Listening to Dave Ramsey on the radio, I heard a woman call in and ask how she might divide up an inheritance among the college funds for her three kids. Dave gave her a good, principled answer, but there is a way that you can go beyond principles and actually calculate what share of the money each kid will need.

Let's say that you inherit $100,000 and you have three kids-- one aged 16, another 14, and another 11. How can you divide up the $100k so that when each of the kids is 18 that they would have about the same amount of money saved for college?

For purposes of illustration, we'll assume that each of the kids' college savings is invested in the same thing and will earn the same rate of return over time. Though if you follow the example below, you'll be able to account for different rates of return for each kid's account.

What we have here is a basic time value of money problem, albeit with some complexity in that there are three interrelated problems.

The first thing we want to do is think in terms of factors, or percentages. That way, it doesn't matter exactly what the lump sump turns out to be, we will now how to divide it proportionally to get what we want.

Then we need to introduce the element of time. We need to figure out how much INequality we need to do to account for the different amounts of time. How do we allocate a total based on the different times available for the kids' college funds to grow? How much do we discount the pre-growth values so the values end up being the same?

We can use a basic time value equation to solve for the discounted factor for each. Let's take the 16 years old as an example. His savings will only have two years to grow. If we assume 8% per year (a reasonable assumption over the long term, less so in the short term), we can solve. N is the number of periods (years before they go to college):

FV=PV(1+r)^n

FV=PV (1.08^2)

FV=PV* 1.1664

PV= FV * 0.8573, or 85.7%

The 16 year old kid needs about 85.7% of what his 18 year-old self will need to go to college. That makes sense.

We repeat for the 14 year old Kid:

FV=PV(1.08^4)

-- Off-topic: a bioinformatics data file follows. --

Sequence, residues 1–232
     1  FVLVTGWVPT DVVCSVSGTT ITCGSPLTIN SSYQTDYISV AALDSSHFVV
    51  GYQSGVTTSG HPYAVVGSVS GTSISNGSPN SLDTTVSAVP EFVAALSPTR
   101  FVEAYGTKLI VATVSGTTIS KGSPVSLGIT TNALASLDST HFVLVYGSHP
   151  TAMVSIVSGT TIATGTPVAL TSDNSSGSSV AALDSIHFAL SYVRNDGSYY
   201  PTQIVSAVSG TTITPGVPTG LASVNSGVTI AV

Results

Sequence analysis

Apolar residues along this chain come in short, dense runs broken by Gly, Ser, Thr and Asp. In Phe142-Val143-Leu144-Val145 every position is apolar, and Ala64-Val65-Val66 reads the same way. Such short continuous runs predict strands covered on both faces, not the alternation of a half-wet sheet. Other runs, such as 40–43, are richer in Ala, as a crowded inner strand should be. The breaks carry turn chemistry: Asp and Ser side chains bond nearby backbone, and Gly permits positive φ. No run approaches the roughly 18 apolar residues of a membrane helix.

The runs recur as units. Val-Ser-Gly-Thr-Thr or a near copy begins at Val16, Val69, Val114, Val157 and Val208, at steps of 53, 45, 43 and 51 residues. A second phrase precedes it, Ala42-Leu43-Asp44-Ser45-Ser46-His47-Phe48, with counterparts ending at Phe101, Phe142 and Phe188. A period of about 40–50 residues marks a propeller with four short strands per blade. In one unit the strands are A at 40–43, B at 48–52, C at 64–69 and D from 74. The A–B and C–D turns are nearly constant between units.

FV=PV(1.36)

PV=FV(0.735).

The 14 year old will need to have 73.5% of what is 18 year-old self will need to go to college.

Finally, the 11-year old:

FV=PV(1.08^7)

FV=PV(1.7138)

PV=FV(0.5835)

The 11-year old kid needs to have 58.35% of his total college expenses in savings to he'll have 100% at age 18.

So we now know the relative weightings for the three kids: 85.7%, 73.5%, and 58.35%

How do we translate that into a proportion for allocation of a lump sum?

To weight them, we can first just add them all together in decimal versions to get a total of 2.18. Then we take each kid's factor divided by the total to normalize it

16YO: 0.857/2.18= 0.391, or 39.1%

14YO: 0.735/2.18= 0.337 or 33.7%

11 YO: 0.5835/2.18= 0.268 or 26.8%

To make sure each kid has roughly 33% of all the windfall, we need to allocate the percentages as above.

Let's check out work to see if this makes sense for a windfall of $100k.

The allocation says we should allocate to the 11 year old $26,800 in a college fund. Left to grow at 8% for 7 years, this amount becomes $45,931 at age 18.

What do we get if we allocate $33,700 to the 14 year old and let it grow for four years? $45,848

The 16 year old will have $45,606 saved for college in two years.

Now there's some rounding error (magnified by repeated rounding) that produces a couple hundred dollars variance between the three kids, but this should suffice to illustrate how you can account for the different ages of children in allocating a windfall towards college savings.

Hope this helps!

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